Anyway, I think you're onto something with the clicking sound. (That said, my one attempt at buying shoes with a low, if not quite kitten, heel led to my all-time noisiest shoes, and not in a good way. As in, random people on the street once asked me what was going on with them.) I guess with feminine professional dress, there's a bit of an either-or - flats are OK with a skirt or dress situation, but heels are needed a pants suit. Discussions like these that make me think I made the right decision to go into a field that doesn't go by these rules. I mean, it helps to look polished, but how masculine or feminine one looks on a given day (or in general) is never, from what I can tell, an issue.

Matt said...

I like the "the stock market is down, so heels are down too!" theory suggested in the linked article. Not like as in "that's a good theory" but like as in "that's crazy enough to be amusing."

Some women I know (including my wife) like heels sometimes not because they make them look taller (these women are usually tall enough that they don't have any interest in looking taller) but because they think the change in ankle position makes their posture and legs look better. I tend not to agree- I think it looks unnatural and odd- but would heels this short have any such effect? If so, and you wanted such an effect but didn't want to look taller (Michelle Obama is fairly tall, isn't she? I don't know for sure), that might explain such things. Other people (and designers) could then just be aping some fashion leaders. But I don't know if this is plausible.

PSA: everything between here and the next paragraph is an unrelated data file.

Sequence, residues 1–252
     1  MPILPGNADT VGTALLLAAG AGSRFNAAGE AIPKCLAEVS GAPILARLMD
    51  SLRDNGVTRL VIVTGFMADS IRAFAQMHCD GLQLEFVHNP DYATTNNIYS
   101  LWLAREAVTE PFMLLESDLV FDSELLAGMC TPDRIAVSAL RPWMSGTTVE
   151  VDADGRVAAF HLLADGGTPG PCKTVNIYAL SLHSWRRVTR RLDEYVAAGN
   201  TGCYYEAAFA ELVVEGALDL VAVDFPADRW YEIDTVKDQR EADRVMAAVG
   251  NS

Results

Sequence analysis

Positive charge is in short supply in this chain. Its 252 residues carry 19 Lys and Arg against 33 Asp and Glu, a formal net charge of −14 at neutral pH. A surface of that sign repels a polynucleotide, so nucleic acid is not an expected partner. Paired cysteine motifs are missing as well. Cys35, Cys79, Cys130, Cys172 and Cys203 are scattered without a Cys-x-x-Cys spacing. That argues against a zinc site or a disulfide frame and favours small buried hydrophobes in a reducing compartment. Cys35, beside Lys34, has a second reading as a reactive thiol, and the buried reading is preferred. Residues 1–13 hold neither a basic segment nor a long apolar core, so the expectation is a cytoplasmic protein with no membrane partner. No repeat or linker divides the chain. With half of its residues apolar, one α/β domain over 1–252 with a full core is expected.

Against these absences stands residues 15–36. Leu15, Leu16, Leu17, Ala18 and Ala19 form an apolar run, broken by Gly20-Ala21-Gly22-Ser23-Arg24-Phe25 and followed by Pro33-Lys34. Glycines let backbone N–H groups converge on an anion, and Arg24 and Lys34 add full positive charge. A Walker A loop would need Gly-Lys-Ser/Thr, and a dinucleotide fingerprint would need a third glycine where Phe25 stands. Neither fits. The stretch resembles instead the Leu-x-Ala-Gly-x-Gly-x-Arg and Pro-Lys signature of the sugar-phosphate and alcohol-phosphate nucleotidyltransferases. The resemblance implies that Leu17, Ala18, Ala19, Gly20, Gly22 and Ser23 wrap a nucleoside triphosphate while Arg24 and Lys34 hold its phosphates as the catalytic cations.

Phoebe Maltz Bovy said...


I doubt if kitten heels change ankle position, except in that they increase wobbliness, adding a damsel-in-distress dimension. It's all about the angle, and the one produced by kitten heels aren't any greater than those brought on by loafers or oxfords, or any other flats with a low but not stiletto heel.

And I'm not so sure that tall women, generally speaking, are opposed to looking even taller, if it means (as heels do) the illusion of longer, slimmer legs. (See these before-and-afters, ostensibly about the jeans, but actually about the shoe choice.) You can't have the slimming effect without the added height. Given the emphasis on women looking a particular weight as versus a particular height, I'd imagine many tall women opt for heels for this reason.